When the Kings concluded their tumultuous 2014-15 season, the only certainty was there would be plenty of changes.
Coach George Karl said the Kings had to revamp their roster if they were to win the 40-plus games needed to contend for a Western Conference playoff spot.
“I think when Vlade (Divac) and I sat down early in May, I think we thought whatever this is called, a makeover, was necessary,” Karl said.
An upgrade in talent was a given need, but a shakeup in the personalities was just as important. During the Kings’ nine-season playoff absence, they’ve often been too young and immature to become a winning team.
Divac, in his first offseason running basketball operations, sought veterans with winning pedigrees as he reshaped the roster.
The 2015-16 Kings will be more seasoned, putting them in position to improve, Divac believes. On the Kings’ new-look roster, only DeMarcus Cousins, Ben McLemore and Eric Moreland never have been on a winning NBA team.
Finally, Kings who are accustomed to losing are in the minority.
“It’s good timing to be a Sacramento King,” Divac said. “We have good talent, much better than last year, and I expect a better season.”
Three new Kings – Rajon Rondo (Boston), Caron Butler (Dallas) and Marco Belinelli (San Antonio) – have been on championship teams. And the offseason additions did not express concern that so many new faces could make bonding difficult.
Divac also signed players such as Kosta Koufos and Luc Mbah a Moute, who are familiar with the coaching staff and can facilitate the changes. They also understand and accept their roles.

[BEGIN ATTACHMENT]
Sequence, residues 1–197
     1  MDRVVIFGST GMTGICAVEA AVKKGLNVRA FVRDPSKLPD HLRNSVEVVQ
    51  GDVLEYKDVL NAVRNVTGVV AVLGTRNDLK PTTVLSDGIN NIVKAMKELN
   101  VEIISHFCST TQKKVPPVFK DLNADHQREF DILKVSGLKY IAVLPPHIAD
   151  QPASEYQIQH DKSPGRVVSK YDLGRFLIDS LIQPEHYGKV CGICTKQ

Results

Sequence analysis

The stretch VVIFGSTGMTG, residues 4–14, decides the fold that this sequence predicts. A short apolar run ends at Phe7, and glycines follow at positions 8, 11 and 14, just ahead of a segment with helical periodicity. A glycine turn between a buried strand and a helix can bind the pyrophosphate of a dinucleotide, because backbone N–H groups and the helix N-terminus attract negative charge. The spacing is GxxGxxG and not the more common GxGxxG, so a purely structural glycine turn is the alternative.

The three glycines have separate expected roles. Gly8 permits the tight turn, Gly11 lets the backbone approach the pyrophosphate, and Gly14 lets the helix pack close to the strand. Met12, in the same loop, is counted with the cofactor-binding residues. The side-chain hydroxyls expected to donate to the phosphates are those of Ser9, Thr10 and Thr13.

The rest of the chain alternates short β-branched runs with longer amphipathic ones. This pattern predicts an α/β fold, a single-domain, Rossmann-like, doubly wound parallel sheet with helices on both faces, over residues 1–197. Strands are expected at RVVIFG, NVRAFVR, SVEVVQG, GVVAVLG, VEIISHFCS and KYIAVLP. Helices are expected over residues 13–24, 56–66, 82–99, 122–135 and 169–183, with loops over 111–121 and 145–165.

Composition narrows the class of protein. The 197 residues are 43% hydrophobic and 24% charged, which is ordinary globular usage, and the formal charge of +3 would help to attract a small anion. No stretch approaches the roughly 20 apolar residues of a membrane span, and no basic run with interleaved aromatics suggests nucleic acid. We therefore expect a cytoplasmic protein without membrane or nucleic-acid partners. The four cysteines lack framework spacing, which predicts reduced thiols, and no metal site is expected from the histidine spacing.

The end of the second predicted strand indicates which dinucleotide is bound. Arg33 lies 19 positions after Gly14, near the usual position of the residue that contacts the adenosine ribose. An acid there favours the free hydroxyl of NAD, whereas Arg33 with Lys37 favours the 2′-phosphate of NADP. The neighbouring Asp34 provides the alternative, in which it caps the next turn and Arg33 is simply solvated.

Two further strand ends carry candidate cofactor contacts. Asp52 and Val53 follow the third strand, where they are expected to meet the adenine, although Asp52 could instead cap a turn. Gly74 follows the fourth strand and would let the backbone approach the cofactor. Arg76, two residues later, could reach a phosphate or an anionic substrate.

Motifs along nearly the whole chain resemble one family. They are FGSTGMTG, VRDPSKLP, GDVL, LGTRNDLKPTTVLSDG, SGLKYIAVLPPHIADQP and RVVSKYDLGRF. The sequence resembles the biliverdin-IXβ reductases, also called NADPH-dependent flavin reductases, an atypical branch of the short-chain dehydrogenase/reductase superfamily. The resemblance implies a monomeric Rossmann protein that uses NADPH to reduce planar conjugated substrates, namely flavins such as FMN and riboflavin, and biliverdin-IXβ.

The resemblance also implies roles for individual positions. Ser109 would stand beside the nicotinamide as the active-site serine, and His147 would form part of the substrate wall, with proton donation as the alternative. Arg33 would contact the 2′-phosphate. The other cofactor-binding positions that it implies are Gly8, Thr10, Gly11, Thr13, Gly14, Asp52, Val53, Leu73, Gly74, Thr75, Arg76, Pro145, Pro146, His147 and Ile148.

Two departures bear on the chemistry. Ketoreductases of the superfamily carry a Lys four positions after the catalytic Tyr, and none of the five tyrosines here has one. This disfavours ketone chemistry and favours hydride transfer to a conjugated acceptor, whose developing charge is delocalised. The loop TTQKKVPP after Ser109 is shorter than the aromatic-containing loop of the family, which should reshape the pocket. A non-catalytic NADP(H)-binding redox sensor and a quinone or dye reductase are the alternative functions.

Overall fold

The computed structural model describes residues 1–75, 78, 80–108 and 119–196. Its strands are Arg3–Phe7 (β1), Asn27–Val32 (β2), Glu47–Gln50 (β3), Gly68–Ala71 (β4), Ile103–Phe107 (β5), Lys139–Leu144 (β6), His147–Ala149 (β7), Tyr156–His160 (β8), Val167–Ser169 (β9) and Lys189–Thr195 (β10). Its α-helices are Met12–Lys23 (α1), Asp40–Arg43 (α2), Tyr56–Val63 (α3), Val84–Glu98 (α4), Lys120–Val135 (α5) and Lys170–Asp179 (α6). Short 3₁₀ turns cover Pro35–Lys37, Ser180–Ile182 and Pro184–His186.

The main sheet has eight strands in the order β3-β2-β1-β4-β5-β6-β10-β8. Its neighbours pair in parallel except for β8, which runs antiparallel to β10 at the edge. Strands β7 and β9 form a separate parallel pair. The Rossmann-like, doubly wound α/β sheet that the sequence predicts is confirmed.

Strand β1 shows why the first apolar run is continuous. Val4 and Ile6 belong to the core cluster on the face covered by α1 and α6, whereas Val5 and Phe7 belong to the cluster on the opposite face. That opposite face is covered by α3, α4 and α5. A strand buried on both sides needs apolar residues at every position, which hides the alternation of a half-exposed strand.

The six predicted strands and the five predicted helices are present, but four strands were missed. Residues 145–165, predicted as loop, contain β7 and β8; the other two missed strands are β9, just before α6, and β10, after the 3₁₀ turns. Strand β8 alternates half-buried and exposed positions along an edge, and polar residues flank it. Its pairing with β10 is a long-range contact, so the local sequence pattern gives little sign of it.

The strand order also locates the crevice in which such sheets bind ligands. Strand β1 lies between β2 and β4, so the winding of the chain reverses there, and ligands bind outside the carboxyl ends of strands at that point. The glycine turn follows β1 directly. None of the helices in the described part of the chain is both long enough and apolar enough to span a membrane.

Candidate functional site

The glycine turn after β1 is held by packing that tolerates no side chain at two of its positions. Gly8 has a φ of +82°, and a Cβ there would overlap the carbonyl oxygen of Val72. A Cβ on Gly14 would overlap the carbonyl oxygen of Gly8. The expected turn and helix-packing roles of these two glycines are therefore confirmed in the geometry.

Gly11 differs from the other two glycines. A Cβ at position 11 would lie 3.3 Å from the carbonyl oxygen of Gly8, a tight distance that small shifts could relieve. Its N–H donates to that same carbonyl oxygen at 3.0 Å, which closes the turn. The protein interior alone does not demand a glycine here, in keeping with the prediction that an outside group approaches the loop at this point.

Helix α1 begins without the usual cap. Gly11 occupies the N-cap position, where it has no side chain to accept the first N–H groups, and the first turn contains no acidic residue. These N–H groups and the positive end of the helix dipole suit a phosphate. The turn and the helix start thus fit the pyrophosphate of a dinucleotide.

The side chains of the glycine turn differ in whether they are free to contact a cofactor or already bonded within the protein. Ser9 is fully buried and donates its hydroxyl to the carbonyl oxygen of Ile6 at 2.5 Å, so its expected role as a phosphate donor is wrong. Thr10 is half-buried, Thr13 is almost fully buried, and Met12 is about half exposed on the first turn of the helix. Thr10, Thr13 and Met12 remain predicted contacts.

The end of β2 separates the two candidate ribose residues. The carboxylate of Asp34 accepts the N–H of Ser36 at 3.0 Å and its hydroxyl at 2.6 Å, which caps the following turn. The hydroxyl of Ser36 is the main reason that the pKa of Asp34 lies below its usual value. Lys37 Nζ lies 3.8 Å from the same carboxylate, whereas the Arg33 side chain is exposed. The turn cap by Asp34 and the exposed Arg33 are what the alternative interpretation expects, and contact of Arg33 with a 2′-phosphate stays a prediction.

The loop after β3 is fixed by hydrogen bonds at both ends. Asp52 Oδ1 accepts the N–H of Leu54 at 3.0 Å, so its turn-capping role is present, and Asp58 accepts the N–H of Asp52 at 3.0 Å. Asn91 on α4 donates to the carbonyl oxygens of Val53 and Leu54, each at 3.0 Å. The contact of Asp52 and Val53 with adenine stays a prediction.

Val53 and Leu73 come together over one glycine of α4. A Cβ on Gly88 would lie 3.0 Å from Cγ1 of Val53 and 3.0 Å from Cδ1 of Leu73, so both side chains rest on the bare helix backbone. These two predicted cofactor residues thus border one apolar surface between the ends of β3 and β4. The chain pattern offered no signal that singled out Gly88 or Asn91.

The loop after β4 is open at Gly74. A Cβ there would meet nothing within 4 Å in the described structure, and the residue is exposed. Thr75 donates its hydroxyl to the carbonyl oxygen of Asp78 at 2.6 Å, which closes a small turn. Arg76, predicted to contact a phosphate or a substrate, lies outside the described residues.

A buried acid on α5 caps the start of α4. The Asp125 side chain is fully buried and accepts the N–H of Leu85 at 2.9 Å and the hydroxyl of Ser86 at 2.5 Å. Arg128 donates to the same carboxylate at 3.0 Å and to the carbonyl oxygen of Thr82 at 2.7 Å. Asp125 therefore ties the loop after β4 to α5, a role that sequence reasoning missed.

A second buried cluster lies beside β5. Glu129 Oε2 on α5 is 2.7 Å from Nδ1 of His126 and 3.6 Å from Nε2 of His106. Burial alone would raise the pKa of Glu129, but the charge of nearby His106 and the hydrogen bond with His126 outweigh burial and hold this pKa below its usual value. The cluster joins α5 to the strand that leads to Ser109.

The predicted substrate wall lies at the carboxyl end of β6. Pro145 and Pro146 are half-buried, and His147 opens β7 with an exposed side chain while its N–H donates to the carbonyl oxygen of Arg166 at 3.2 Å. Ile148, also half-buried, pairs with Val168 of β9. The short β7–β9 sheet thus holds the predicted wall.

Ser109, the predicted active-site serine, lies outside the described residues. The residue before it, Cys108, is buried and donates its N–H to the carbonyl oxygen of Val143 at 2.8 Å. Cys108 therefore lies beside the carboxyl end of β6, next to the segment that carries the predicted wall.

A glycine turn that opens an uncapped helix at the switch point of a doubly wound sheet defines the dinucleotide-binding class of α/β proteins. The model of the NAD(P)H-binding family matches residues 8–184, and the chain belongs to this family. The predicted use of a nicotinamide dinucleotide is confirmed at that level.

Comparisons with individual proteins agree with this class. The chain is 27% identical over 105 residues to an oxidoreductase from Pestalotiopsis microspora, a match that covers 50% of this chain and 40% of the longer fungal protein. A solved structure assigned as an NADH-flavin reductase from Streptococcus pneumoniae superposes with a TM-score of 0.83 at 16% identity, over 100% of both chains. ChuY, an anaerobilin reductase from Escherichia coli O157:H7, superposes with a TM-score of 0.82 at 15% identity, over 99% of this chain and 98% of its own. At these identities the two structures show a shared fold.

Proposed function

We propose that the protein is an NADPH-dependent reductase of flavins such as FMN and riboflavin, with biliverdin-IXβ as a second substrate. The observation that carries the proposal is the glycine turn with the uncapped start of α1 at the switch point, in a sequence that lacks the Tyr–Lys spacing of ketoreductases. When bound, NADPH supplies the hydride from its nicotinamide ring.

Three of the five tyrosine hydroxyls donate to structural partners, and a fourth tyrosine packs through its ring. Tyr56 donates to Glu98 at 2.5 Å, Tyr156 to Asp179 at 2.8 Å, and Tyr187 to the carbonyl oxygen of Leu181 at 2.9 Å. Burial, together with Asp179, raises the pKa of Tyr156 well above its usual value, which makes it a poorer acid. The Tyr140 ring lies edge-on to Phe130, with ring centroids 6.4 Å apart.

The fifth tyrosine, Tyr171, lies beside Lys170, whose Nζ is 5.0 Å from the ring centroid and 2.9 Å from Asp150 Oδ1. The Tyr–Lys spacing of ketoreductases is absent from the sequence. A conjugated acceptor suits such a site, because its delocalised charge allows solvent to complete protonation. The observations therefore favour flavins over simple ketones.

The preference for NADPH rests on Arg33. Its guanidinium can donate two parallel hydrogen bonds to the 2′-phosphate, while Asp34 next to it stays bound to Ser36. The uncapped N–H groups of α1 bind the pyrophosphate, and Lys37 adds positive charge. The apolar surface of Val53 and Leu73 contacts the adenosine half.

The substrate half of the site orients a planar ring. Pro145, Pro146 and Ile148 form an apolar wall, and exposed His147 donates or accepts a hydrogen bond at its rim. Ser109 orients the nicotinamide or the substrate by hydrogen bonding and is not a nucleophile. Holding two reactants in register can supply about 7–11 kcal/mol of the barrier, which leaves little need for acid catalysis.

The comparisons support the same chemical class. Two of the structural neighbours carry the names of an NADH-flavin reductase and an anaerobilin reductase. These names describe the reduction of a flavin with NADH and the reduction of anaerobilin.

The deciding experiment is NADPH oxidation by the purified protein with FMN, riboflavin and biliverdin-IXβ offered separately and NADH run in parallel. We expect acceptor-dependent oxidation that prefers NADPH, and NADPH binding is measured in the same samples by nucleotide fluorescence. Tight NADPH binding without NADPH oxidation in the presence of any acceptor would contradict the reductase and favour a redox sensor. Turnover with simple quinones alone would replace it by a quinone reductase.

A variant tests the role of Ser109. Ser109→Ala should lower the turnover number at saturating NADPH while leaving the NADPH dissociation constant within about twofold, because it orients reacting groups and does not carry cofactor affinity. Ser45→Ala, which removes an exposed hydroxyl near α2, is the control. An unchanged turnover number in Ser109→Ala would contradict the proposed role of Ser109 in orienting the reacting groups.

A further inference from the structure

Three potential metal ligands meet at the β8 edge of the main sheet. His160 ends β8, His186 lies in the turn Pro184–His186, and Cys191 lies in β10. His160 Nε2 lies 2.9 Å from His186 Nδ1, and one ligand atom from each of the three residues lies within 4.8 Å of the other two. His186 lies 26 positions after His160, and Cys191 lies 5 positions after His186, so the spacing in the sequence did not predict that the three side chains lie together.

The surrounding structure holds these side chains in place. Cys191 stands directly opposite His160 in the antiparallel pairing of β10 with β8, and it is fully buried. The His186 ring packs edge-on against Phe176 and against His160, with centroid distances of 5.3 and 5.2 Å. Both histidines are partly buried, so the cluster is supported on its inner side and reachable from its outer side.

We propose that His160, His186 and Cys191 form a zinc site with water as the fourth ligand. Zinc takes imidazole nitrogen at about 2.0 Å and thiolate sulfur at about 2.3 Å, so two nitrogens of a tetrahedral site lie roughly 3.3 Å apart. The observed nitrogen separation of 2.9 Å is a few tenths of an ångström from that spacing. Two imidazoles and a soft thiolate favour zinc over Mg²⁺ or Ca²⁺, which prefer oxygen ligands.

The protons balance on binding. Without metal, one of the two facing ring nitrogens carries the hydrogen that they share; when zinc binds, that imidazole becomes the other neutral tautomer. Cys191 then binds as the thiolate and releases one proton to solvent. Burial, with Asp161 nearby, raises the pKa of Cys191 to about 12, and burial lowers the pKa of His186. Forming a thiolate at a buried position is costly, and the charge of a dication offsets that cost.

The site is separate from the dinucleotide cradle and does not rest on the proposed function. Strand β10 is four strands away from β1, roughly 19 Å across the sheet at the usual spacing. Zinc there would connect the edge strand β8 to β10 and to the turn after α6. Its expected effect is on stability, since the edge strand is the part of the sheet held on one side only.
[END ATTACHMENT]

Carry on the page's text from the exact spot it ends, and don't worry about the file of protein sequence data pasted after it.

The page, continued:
“Yes, there are a lot of new guys coming in, but we complement each other,” Mbah a Moute said. “We’ve got a good group of guys, guys who have been in the league who are pros, still young enough to compete at a high level. And veteran guys, guys who have won championships. I think that combination is going to be good for the team.”
Butler looks forward to the challenge of changing the team’s culture.
“I’ve been a part of that process over my years playing in the NBA, so it’s exciting,” Butler said. “It’s good to be a part of that fabric. Looking forward to that opportunity to play winning basketball.”
Butler, a two-time All-Star entering his 14th season, has a no-nonsense reputation. Divac will count on the veteran’s presence in the locker room if the focus gets off winning.
“We all understand what’s important: winning,” Butler said. “You can have all the numbers, and that’s just personal accolades you put in a trunk. But if you really want to be recognized, the winning teams get recognized, and that’s what it’s about.”
Butler said teams must take “baby steps” to become a winner and those strides begin before the season as players abandon personal agendas and unite toward improving the team.
“I think you win if everyone is invested and all on the same page,” Butler said. “I think the camaraderie, that’s the first part. That starts now. I think the winning part of a winning culture starts in the summer.”
Rondo wants to lead the transformation. As a point guard whose greatest strength is setting up teammates, he should help ease chemistry concerns on the court.
Off the court, he’ll try to instill the importance of accountability that carries over into games.
“We just want to go out there and play for one another, play unselfishly,” Rondo said. “We have a lot of potential on paper. If we buy into George Karl’s system and believe in one another, we’re trying to make a run at the playoffs.”